The Republican candidates for Mobile County Sheriff discussed jail overcrowding, office morale, concealed weapons in vehicles and drones with less than a week left before GOP voters go to the polls on Tuesday.

Howard Waters, a former sheriff’s deputy and military veteran looks to unseat the two-term Sheriff Sam Cochran.

Both candidates acknowledged overcrowding to be an issue at Mobile County Metro Jail. The jail is built to house 1,100 inmates, but routinely holds between 1,300 and 1,800.

Waters believes if deputies began writing citations for non-violent offenders that would ease some of the burden on the jail.

“I don’t want non-violent misdemeanors in jail,” he said. “I definitely positively don’t want veterans in jail, and I don’t want alleged mental cases in jail.
“I want the jails for the felons, for the violent felons,” he added.

He said non-violent drug offenders could also be written citations, instead of arrested and booked into the jail.

Cochran said his office has worked to combat the overcrowding issue. He blamed several factors for overcrowding including the courts and the state. He added that not locking up non-violent offenders isn’t the answer because the practice could lead to recidivism.

“We have a lot people who say ‘we shouldn’t lock up non-violent offenders’ well, that may sound good, but if you’ve got somebody who’s a chronic shoplifter, or a chronic thief and he’s been arrested time and time again, what’s the judge supposed to do?” Cochran asked. “I mean, the citizens are upset, the citizens are victimized time and time again. At some point that person has to be sentenced to a custody sentence.”

Cochran said he opposed a bill introduced by state Sen. Scott Beason, R-Gardendale, which would allow residents to carry a loaded gun in their vehicles without a concealed carry permit.

“I was happy that the portion of the law that would allow the carrying of loaded weapons in vehicles without permits was defeated,” he said. “I strongly support the right to carry concealed weapons that are permitted because for them to be permitted means we’ve been able to do a criminal background check on (the person carrying the weapon.)”

The incumbent said he’s issued over 42,000 permits in Mobile County and he turns down very few applicants.

“We rarely have a problem with any of those 42,000 people, which tells me we’ve got a good system in place that affords our citizens the opportunity, if they want to carry a concealed weapon they’re able to do it to protect themselves,” Cochran said.

Referencing a video that Cochran’s office made in conjunction with the Mobile Police Department, which shows a carload of teenagers with guns, the challenger said he didn’t like the scare tactics used by the sheriff on this issue.

“It’s not about officer safety and it’s not about the public, it’s about the pistol permit fee,” Waters said. “If I don’t have people coming down and buying a concealed weapon permit then I’m losing $20. I care more about the people and that deputy that walks up to that car than I do about $20.”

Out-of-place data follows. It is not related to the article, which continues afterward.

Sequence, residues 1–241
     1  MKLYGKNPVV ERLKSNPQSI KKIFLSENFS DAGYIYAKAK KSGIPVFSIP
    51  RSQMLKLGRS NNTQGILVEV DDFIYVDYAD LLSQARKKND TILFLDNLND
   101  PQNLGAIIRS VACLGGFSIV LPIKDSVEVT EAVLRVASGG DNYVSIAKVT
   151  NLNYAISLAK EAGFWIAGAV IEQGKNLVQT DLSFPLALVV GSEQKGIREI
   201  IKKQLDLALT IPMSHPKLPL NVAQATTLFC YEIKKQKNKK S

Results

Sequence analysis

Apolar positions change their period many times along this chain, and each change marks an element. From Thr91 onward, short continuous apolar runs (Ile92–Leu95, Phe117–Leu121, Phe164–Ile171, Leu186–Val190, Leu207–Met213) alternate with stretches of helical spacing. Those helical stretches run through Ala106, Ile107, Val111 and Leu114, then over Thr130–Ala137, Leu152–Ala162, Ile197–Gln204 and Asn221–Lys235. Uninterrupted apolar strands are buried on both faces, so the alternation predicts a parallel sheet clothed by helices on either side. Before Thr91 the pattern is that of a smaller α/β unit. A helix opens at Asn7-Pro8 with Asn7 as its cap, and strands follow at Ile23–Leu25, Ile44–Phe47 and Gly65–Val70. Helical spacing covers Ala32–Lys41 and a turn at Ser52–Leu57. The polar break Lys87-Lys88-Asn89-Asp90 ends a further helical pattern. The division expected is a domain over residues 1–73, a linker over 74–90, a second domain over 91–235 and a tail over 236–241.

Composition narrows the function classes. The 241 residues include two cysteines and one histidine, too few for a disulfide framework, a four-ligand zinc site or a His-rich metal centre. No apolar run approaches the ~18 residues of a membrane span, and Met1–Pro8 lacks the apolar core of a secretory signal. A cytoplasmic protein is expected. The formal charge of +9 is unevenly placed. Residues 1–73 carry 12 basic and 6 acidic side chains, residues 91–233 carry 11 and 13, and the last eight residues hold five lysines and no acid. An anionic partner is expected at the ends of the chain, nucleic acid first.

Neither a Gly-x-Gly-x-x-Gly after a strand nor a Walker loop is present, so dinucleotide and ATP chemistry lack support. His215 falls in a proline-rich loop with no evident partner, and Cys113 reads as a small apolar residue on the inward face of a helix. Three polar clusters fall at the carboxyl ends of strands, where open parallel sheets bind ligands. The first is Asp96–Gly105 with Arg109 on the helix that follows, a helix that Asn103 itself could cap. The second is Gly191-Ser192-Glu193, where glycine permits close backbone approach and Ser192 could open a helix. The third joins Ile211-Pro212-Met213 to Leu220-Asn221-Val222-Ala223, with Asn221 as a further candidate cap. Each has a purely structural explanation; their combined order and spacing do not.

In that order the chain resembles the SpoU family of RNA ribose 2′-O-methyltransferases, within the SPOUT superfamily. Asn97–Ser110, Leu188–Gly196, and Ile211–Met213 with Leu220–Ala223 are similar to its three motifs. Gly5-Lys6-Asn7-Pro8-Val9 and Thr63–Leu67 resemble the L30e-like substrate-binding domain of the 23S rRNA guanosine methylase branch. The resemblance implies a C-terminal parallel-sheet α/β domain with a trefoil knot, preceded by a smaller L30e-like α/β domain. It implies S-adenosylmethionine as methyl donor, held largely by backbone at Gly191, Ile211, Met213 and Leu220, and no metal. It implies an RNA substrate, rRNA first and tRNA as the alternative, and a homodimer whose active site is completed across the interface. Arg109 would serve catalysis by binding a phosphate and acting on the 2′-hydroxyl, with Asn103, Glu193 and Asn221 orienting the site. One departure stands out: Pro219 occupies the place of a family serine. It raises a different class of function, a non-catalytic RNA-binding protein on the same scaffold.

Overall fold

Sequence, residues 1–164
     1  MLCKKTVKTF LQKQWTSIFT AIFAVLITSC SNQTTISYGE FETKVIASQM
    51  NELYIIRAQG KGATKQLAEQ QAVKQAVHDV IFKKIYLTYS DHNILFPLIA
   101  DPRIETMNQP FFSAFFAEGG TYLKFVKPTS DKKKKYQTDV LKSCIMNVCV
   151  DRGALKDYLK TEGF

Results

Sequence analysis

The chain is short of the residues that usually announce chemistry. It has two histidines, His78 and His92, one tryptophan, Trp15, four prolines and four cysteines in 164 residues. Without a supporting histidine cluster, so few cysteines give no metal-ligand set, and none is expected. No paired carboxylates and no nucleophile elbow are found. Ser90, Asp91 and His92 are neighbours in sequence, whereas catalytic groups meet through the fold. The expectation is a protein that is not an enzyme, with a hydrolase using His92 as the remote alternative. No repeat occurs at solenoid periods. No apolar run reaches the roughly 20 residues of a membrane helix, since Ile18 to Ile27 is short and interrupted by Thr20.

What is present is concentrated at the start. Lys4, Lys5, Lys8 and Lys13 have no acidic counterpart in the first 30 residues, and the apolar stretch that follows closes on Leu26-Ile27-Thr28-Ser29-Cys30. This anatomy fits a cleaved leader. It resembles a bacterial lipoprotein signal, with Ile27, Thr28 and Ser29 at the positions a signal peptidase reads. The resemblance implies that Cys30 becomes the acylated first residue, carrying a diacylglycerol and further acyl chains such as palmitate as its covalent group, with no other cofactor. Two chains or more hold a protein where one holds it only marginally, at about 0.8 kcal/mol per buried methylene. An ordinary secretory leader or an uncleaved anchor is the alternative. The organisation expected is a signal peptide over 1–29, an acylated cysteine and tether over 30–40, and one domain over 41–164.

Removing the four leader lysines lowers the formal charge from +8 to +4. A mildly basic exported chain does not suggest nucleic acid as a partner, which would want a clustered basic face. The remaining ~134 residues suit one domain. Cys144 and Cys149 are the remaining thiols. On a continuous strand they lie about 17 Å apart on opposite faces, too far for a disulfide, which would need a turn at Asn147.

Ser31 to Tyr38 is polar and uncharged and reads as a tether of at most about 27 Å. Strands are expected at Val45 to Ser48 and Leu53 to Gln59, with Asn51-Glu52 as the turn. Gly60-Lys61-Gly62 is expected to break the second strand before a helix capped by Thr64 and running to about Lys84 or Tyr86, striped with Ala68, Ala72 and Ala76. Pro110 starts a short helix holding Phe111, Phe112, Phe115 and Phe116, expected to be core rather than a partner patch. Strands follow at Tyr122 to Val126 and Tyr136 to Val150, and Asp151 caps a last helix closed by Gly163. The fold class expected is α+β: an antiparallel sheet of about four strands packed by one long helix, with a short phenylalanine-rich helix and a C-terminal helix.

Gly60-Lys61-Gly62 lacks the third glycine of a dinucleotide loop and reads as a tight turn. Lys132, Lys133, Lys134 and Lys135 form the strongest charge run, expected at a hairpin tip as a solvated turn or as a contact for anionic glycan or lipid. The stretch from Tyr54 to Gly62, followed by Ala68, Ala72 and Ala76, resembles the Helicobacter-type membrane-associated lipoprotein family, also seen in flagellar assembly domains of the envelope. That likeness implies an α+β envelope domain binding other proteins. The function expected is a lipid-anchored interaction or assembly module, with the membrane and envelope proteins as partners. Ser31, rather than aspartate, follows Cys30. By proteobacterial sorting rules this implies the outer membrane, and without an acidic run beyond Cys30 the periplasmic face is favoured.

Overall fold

Waters said he had no problem with the bill itself.

The candidates also disagreed about office morale. Waters believes Cochran has a morale problem due to high insurance premiums and the fact that employees have gone “six or seven years without a raise.”

“If I’m elected, what I want to do is look at everything,” Waters said. “If I can find money within the Mobile County Sheriff’s Office, maybe money could be found in the other agencies, in the other departments. The money has got to be there.”

Cochran acknowledged the employees haven’t gotten a raise in six years, but he referenced a video made for the annual awards banquet, which was entitled “Happy.”

“They certainly are wanting a raise and feel like they deserve it and I do too, so if you asked them about that they’d be unhappy about it,” Cochran said of MCSO employees. “Working conditions I think are good. I think morale is good, and I hear from the public all the time and they think the men and women do a jam up job.”

Speculation concerning the department’s use of a drone a few years ago surfaced during this race. When asked Cochran admitted the office had a drone at one time about six years ago, but it crashed and they don’t currently have one.

“We, at one time, had a drone,” he said. It was probably not what they call a drone today. We go back several years ago and we experimented with a drone and it did not work out.”

He said he doesn’t remember exactly how it crashed.

“It took off and never came back,” he said. “Quite honestly, I don’t know if it was pilot error or a drone problem.”

Cochran said he couldn’t remember how much his office spent on the drone. An email request for the cost of the drone wasn’t returned as of press time.

The sheriff said a drone could be used in several different aspects of law enforcement including helping to find missing persons and surveillance of a suspect who has taken shelter in a building.

Waters said he believes there were two drones at one time and both crashed. He said one crashed into Big Creek Lake and the other one crashed into a pine tree. Waters admitted though he wasn’t with the sheriff’s office at the time of the drone experiment.

There is no Democrat in the race for sheriff, so Tuesday’s winner will take the office.